• Know who your competitors are. What’s your point of difference to them? Talk to the council about development applications from other healthcare professionals. Where there may appear to be no others, there could be 5 development applications at council in the process of approval for competitors you didn’t know about


  • Most healthcare professionals will need to apply for finance for their start-up practice. For a lender to be comfortable with lending you the funds, they’ll need to see that you’ve done your due diligence, in the form of a feasibility study and have a business plan. Lenders will ask for a detailed cash flow forecast, patient numbers and operational costs based on days open. Have a rationale ready; your narrative, the story you’ve gleaned from your feasibility study. Your cashflow projections will show your likely income. It is worth noting that most practices have a negative balance in the first year
  • Ensure your personal finances and tax returns are up to date
  • Financing for GPs is different to Allied Health which is, again, different to dentists. Dental set up costs are higher initially because of the specialised equipment and fit-out. For example, the hydraulics involved. The good news is that lenders may lend up to 100% of set-up costs


It’s important to think about the growth aspirations you have for your practice. Consider this when looking at different options.

  • Growth potential: look at the Information Memorandum. What is the narrative between facts, what does the data mean, what story does it tell? Day to day operations matter, including the patient base demographics, with an optimal growth rate of 60%
  • Greenfield versus established sites:
    • A greenfield site. Starting with potentially no patients but with the opportunity for plenty of growth. Here, there is the opportunity potentially to provide for plenty of parking, for now and into the future
    • An established site. Determine how much growth potential is available. Is there room to create another room for a doctor, nurse, allied health or pathology? Check the billings and other operational factors including processes. Is there room for improvement?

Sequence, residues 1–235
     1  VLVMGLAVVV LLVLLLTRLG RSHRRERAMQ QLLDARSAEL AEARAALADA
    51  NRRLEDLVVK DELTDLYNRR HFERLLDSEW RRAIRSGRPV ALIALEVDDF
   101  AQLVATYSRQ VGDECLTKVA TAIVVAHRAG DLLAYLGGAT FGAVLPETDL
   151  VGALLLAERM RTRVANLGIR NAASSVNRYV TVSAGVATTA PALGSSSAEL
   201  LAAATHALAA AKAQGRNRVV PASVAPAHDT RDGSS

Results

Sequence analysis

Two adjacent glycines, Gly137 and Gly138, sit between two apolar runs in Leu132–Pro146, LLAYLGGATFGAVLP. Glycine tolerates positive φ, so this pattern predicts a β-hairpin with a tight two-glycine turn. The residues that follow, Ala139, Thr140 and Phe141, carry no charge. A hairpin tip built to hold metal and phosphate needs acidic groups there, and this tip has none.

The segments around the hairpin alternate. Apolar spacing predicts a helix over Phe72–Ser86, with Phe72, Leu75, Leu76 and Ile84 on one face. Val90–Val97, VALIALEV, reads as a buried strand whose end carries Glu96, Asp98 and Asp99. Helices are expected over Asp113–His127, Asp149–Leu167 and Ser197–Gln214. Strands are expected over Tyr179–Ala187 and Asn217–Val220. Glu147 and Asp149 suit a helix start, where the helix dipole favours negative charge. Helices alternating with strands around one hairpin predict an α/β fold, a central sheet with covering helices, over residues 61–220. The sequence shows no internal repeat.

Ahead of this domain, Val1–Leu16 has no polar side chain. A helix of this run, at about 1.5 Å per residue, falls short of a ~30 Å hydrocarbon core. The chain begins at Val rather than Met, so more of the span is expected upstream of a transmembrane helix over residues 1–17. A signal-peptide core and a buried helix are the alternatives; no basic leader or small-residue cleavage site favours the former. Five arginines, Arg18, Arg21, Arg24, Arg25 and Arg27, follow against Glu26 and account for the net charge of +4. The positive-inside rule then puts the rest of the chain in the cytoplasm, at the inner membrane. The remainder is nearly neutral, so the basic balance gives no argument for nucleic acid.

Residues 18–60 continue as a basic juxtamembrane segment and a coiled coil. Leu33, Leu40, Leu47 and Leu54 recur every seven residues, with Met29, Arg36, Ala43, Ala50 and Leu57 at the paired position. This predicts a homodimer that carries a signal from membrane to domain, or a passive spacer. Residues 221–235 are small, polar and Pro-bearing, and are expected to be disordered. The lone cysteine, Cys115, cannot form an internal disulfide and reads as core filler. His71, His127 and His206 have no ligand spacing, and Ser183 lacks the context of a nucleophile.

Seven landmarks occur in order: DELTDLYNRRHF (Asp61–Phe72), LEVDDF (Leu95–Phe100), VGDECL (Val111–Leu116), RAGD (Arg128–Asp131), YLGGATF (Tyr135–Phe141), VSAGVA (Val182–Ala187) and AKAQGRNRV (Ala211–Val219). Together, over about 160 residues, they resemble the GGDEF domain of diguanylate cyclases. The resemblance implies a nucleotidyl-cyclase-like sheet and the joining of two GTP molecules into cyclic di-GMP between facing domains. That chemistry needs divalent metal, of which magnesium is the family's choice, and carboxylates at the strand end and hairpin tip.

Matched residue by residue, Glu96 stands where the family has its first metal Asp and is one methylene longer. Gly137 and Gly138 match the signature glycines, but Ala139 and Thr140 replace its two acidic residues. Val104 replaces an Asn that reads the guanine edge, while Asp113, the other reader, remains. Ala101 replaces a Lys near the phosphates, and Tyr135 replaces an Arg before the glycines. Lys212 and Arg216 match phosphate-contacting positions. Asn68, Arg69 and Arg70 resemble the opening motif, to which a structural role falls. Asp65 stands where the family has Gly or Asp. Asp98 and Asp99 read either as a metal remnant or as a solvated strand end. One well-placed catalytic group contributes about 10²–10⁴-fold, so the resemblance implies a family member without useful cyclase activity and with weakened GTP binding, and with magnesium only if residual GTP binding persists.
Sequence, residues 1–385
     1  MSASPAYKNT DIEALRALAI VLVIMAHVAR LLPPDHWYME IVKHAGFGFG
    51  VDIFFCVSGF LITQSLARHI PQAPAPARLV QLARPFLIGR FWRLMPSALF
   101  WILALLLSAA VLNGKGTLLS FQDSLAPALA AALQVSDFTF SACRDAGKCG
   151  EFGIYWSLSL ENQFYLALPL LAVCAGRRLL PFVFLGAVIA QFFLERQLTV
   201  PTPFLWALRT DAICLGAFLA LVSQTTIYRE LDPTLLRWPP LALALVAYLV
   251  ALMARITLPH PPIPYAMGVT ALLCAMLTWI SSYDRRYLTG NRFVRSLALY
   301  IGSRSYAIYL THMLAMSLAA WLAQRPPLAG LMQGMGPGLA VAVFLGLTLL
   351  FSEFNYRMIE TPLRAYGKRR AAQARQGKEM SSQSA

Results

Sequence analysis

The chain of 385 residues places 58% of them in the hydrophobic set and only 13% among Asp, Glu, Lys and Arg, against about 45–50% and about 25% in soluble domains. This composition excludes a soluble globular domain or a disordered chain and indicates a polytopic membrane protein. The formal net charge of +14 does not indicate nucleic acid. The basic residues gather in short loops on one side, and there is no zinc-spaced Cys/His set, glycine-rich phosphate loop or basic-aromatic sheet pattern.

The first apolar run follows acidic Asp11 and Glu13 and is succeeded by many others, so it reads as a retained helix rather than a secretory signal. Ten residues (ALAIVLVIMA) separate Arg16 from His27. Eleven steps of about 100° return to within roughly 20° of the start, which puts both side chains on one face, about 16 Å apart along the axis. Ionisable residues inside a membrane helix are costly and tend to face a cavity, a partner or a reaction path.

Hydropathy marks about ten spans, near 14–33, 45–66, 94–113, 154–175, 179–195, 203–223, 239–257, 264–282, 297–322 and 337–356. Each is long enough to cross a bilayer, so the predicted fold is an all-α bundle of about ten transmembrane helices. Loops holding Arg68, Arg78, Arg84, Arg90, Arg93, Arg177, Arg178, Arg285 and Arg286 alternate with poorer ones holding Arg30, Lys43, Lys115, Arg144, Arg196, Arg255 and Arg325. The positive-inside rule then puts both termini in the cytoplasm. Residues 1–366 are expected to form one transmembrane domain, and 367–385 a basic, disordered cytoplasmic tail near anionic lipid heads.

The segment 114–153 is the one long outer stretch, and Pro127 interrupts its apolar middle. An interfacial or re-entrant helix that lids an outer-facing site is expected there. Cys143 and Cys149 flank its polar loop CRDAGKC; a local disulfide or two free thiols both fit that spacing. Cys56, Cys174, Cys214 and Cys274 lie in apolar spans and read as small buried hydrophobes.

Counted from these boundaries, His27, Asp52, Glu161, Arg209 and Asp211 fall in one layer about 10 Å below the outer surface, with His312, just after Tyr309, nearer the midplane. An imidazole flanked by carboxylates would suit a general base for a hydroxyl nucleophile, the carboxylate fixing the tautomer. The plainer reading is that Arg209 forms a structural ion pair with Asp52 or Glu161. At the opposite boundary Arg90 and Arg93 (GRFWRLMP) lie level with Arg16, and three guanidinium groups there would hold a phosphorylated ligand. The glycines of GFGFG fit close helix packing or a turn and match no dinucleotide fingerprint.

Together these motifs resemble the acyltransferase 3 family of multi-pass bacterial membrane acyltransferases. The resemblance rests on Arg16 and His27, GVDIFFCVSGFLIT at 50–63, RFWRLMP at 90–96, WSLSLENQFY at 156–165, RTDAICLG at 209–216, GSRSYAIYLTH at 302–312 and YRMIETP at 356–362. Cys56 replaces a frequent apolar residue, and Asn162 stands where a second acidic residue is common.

While you may feel a little overwhelmed by the amount of research and planning required, remember you are not alone. For a streamlined process with peace of mind, you can gather a highly qualified and experienced team of professionals to help you every step of the way.

For more detailed information, contact the presenters who have contributed content to this article; they would be very pleased to help you on your way to a successful healthcare practice start-up.

Sally Stuart, Business Sales Specialist,

Health Business Sales supporting LINK business

[email protected]

0437 082 045

For more information visit: 

Teresa Nguyen, Finance Specialist,


[email protected]

0409 546 385

Shane Holth, Head of Client Experience,

Evoke Projects

[email protected]

0438 005 599

To book a catch up with Jerry Kennard to discuss people centric healthcare please click here

Ami Assigal, Director,

Practice Partners

[email protected]

0401 825 105

Please find below Practice Partners’ Scope of Feasibility Analysis which is included in their Feasibility Report and Needs Analysis.  This assists in determining if this site is a right fit for the individual, their vision and the surrounding patient base in being a viable and profitable medical centre.

Scope of Feasibility Analysis

Step One: Needs Analysis Report

  • Industry outlook and structure
  • About the Area

o Future developments

o Council

o Site context and catchment area

  • Population and demographics o Age

o Ethnicity

o Affluence

o Household makeup

o Employment

  • Supply analysis
  • Demand and needs assessment

Step Two: Competitor Analysis

  • Research on surrounding healthcare business across all sectors
  • Identify the competitors and evaluate their strategies
  • Determine their strengths and weaknesses, gaps in the market.